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Vocative: appellation (as extra-clausal constituent)

Syntactical Level

νεανίσκε, ὁ πατήρ σε μεθύων ἔσπειρε

‘Young man, your father begot you while drunk.’ (Plut. )

The vocative signals the addressed person or god.


The vocative is often preceded by the particle ὦ, which can be left untranslated.


Appellation of oneself
In poetry one can address oneself by invoking one's own name or parts of one's own person or personality: θυμέ ‘my soul!’, ὦ γεραιὲ ποῦς ‘my old foot!’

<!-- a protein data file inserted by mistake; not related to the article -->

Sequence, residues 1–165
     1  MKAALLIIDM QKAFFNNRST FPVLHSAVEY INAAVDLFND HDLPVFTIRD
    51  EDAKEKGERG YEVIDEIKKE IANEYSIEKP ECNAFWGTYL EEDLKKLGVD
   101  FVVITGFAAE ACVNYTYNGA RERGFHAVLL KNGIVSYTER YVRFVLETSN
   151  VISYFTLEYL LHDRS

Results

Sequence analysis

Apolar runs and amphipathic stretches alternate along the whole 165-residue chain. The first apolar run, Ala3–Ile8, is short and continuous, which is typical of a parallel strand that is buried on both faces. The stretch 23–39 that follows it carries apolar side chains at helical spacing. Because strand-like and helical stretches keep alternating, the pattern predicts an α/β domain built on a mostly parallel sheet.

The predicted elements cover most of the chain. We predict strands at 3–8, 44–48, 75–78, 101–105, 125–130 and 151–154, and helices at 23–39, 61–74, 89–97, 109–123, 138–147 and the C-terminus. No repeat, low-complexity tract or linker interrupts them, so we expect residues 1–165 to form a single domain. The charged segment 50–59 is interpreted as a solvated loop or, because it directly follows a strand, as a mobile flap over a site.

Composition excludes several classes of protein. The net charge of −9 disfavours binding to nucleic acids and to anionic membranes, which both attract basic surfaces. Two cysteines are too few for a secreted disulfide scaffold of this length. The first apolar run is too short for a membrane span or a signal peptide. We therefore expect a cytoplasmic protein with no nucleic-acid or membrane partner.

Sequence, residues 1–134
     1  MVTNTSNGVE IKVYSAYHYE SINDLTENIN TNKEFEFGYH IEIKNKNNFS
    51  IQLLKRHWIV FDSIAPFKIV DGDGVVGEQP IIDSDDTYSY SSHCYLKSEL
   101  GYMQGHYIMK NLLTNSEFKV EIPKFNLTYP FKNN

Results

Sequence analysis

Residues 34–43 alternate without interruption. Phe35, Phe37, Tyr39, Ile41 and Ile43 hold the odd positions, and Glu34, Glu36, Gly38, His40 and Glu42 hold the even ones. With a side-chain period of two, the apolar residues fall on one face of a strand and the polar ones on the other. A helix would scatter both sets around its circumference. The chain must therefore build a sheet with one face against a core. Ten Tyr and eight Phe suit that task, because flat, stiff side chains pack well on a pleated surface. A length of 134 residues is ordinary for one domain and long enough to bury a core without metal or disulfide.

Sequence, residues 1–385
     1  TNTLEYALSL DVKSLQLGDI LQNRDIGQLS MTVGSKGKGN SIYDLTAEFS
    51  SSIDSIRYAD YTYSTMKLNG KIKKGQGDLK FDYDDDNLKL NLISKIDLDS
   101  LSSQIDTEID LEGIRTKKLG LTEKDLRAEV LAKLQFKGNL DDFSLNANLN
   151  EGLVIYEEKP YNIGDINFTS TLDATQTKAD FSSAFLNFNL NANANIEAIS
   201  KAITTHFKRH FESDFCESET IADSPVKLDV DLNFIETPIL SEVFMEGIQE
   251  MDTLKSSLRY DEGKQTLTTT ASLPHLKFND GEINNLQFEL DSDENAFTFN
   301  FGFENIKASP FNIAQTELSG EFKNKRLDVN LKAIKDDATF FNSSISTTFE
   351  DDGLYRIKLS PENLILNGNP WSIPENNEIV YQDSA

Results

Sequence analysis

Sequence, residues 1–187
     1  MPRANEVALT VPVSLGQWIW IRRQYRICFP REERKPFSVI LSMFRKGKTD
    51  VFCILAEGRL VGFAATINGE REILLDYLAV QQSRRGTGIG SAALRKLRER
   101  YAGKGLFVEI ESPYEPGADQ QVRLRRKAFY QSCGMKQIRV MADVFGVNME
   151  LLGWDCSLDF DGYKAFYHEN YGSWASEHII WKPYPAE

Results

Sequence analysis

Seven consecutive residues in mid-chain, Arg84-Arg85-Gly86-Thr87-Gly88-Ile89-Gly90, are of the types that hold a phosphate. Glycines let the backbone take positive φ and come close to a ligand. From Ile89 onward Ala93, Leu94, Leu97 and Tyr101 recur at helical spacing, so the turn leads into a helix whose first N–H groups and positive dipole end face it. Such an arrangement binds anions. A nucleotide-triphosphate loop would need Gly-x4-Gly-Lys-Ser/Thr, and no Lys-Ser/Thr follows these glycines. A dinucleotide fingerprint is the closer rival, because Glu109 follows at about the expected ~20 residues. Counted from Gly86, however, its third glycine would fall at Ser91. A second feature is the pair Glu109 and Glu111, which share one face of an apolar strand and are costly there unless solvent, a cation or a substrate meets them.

Series of vocatives
Longer utterances in the vocative (or in the nominative of exclamation) signal astonishment.

Example Sentences: 

μῶρε μῶρε, μὴ θεῶν κίνει φρένας


Fool, fool, do not arouse the wrath of the gods, fearsome as it is. ֍

παῖ, ζήτει σεαυτῷ βασιλείαν ἴσην· Μακεδονία γάρ σε οὐ χωρεῖ.

Child, seek a kingdom with your measure. For Macedonia is too small for you.

Ζεῦ Ζεῦ, θεωρὸς τῶνδε πραγμάτων γενοῦ.

O Zeus, look at these matters.

πλοῦτον μὲν πλουτοῦντος ἔχεις, ψυχὴν δὲ πένητος,

ὦ τοῖς κληρονόμοις πλούσιε, σοὶ δὲ πένης

You have the wealth of a rich man, but the spirit of a poor man; you who are rich to your heirs, but poor to yourself.